Can “Reframing” really make the happiest kids in the world?

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san-feliciano-frame4-2Have you ever had the experience where your child is visibly upset about something but you don’t know why? Maybe they come home after school and you can see something is wrong but you can’t get them to talk about it? It’s not always easy to know what is bothering our children and sometimes it’s even harder to get them to express what is really going on. How and when we choose to talk about these things can have a profound affect on their future happiness says a new book out “The Danish Way of Parenting: a guide to raising the happiest kids in the world.”

The book refers to a powerful tool called “reframing”. That is, the language we use to describe and discuss situations. Denmark has been voted as the happiest country in the world for over 40 years in a row and the authors claim that the Dane’s ability to reframe with their children is a major contributor for this.

“The language we use is extremely powerful.” Iben Sandahl, a Danish psychotherapist says. “It is the frame through which we perceive and describe ourselves and our picture of the world. How we describe something affects how we feel about it. Human beings try to find meaning in action. When we don’t understand something, we create our own conclusions about what happens and these are often negative identity conclusions like ‘since I don’t understand, it must be me who is wrong.’ But the reality is: a problem is only a problem if it is referred to as a problem. Our frame on the world has a huge affect on how we feel about the world. Teaching kids to reframe can change their lives.”

Reframing with children is all about listening for the positive details in a story and helping them enlarge those details to become the story they actually focus on. Essentially turning something dark and negative into something more positive or empowering. We as parents have to help children focus on what they can do rather than what they can’t do.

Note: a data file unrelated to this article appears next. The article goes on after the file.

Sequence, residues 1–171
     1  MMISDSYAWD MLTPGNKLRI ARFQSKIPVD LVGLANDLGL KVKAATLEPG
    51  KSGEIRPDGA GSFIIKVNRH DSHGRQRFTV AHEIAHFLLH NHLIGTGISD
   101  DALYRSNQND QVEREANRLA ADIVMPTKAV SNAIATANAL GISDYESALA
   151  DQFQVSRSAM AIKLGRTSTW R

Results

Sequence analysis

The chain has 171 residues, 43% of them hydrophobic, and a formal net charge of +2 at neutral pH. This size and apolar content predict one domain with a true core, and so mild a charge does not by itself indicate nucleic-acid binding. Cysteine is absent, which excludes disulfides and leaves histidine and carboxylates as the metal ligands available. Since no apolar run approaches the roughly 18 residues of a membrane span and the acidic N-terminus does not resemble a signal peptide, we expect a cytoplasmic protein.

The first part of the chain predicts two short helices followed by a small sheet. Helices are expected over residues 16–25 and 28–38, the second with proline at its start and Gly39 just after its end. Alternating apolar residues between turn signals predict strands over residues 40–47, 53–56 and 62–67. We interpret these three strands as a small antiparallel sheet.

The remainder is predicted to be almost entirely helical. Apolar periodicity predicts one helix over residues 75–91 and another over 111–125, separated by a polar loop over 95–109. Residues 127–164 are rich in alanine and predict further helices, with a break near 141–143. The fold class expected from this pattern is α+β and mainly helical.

Here are some tips to remember when helping an upset child reframe

1. Be patient. If your child is upset, try to put your own needs aside to understand the situation immediately. We as parents often want to know and solve our children’s problems immediately but your child emotions can feel like they are in a rushing river trying to stay afloat. It’s very difficult to talk when you are swimming upstream in a turbulent river. Acknowledge their feelings but be patient to know more. Get them to a safe place first.

2. Make them feel calm. Do whatever you need to calm your child. Give them a branch to get out of that river of emotion. Give them a hug. Try taking a walk or talking about something completely different. Only when they are really calm are they in a place to explore what has happened. By being away from the feeling (fear, anger, sadness) they can see that it is not who they are.

3. Listen for the positive details: When the time is right and they begin to talk about why they were upset, be sure to listen to the subtle details. If, for example, they had problems with a kid at school try to ask questions to get as many details to the story as possible. This will make it easier to hear something positive or empowering. Sometimes, we can have the habit of focusing on the negative aspects of a story when there are many other aspects to focus on.

4. Build on the good stuff when you hear it. When you hear the right details, build on those. Perhaps your child said no to a bully but is focusing on how people made fun of her and she feels bad. Go into how amazing it it is she said no. Explore how saying no felt and talk about that. Go into other times she said no and how great that felt. In the end, the entire experience will feel very different for her because it is about something other than the negative identity conclusions.

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Jessica Joelle Alexander

Jessica Joelle Alexander is a bestselling American author, Danish parenting expert, columnist, speaker, and cultural researcher. Her work has been featured in TIME, The Atlantic, Salon, NPR, Huffington Post, NY Times and the Greater Good Science Center Berkley.

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